Document Detail


The effect of exercise training on anxiety symptoms among patients: a systematic review.
MedLine Citation:
PMID:  20177034     Owner:  NLM     Status:  MEDLINE    
Abstract/OtherAbstract:
BACKGROUND: Anxiety often remains unrecognized or untreated among patients with a chronic illness. Exercise training may help improve anxiety symptoms among patients. We estimated the population effect size for exercise training effects on anxiety and determined whether selected variables of theoretical or practical importance moderate the effect.
METHODS: Articles published from January 1995 to August 2007 were located using the Physical Activity Guidelines for Americans Scientific Database, supplemented by additional searches through December 2008 of the following databases: Google Scholar, MEDLINE, PsycINFO, PubMed, and Web of Science. Forty English-language articles in scholarly journals involving sedentary adults with a chronic illness were selected. They included both an anxiety outcome measured at baseline and after exercise training and random assignment to either an exercise intervention of 3 or more weeks or a comparison condition that lacked exercise. Two co-authors independently calculated the Hedges d effect sizes from studies of 2914 patients and extracted information regarding potential moderator variables. Random effects models were used to estimate sampling error and population variance for all analyses.
RESULTS: Compared with no treatment conditions, exercise training significantly reduced anxiety symptoms by a mean effect Delta of 0.29 (95% confidence interval, 0.23-0.36). Exercise training programs lasting no more than 12 weeks, using session durations of at least 30 minutes, and an anxiety report time frame greater than the past week resulted in the largest anxiety improvements.
CONCLUSION: Exercise training reduces anxiety symptoms among sedentary patients who have a chronic illness.
Authors:
Matthew P Herring; Patrick J O'Connor; Rodney K Dishman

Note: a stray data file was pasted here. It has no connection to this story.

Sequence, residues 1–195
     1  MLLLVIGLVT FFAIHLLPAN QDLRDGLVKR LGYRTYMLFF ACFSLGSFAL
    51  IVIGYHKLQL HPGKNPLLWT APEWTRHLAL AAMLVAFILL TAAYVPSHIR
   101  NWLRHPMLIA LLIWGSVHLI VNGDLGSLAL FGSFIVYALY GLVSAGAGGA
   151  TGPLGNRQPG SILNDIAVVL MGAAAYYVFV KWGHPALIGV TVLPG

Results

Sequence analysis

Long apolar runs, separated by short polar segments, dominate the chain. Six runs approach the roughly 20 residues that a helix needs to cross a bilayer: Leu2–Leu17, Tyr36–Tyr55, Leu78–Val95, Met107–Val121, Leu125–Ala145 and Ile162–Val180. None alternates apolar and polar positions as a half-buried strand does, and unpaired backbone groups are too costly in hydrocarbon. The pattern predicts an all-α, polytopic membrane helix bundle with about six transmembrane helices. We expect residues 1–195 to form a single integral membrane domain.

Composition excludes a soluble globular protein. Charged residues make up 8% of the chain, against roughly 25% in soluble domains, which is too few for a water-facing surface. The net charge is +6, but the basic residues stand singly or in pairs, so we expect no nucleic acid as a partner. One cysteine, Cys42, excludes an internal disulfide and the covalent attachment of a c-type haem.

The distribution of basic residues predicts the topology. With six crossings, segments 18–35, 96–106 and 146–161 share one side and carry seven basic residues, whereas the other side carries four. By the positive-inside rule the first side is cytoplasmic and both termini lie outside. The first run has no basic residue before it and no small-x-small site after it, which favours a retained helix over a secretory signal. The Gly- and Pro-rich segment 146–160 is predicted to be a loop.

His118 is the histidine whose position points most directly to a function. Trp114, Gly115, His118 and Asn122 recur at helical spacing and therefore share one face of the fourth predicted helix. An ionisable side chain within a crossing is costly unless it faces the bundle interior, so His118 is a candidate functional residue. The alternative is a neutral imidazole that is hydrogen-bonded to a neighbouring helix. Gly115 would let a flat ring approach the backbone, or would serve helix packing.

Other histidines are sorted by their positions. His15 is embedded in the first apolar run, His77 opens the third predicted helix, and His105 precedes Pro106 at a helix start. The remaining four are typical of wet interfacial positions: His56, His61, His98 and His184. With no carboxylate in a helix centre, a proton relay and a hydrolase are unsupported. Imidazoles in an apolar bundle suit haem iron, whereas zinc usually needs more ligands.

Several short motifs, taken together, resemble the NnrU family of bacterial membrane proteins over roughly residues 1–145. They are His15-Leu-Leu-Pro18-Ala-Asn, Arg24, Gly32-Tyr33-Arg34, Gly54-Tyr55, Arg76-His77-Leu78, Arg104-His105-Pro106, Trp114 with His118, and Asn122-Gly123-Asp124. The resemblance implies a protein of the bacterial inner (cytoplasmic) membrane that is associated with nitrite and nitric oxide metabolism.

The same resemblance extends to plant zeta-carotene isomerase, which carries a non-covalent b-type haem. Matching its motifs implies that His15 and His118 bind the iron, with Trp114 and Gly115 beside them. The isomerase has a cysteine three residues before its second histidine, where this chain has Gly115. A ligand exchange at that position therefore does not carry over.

Related Documents :
16157944 - Measuring physical activity during pregnancy.
20443054 - Three versus six months of exercise training in breast cancer survivors.
22615224 - Formulation of multiple choice questions as a revision exercise at the end of a teachin...
20086924 - What's new in treating active women.
16121314 - The role of exercise testing in the management of pulmonary arterial hypertension.
1423034 - Exercise training has a heparin-like effect on lipoprotein lipase activity in muscle.
Publication Detail:
Type:  Journal Article; Review    
Journal Detail:
Title:  Archives of internal medicine     Volume:  170     ISSN:  1538-3679     ISO Abbreviation:  Arch. Intern. Med.     Publication Date:  2010 Feb 
Date Detail:
Created Date:  2010-02-23     Completed Date:  2010-03-23     Revised Date:  2011-04-05    
Medline Journal Info:
Nlm Unique ID:  0372440     Medline TA:  Arch Intern Med     Country:  United States    
Other Details:
Languages:  eng     Pagination:  321-31     Citation Subset:  AIM; IM    
Affiliation:
Department of Kinesiology, Ramsey Center, The University of Georgia, 330 River Road, Athens, GA 30602-6554, USA. mph8@uga.edu
Export Citation:
APA/MLA Format     Download EndNote     Download BibTex
MeSH Terms
Descriptor/Qualifier:
Adult
Anxiety Disorders / etiology,  prevention & control*
Chronic Disease / psychology*,  rehabilitation*
Exercise*
Exercise Tolerance
Female
Humans
Male
Middle Aged
Treatment Outcome
Comments/Corrections
Comment In:
Clin J Sport Med. 2011 Mar;21(2):148   [PMID:  21358508 ]
Evid Based Ment Health. 2010 Aug;13(3):95   [PMID:  20682835 ]
Ann Intern Med. 2010 Jun 15;152(12):JC6-4   [PMID:  20547898 ]

From MEDLINE®/PubMed®, a database of the U.S. National Library of Medicine


Previous Document:  Risk factors for prostate cancer detection after a negative biopsy: a novel multivariable longitudin...
Next Document:  Pneumothorax following thoracentesis: a systematic review and meta-analysis.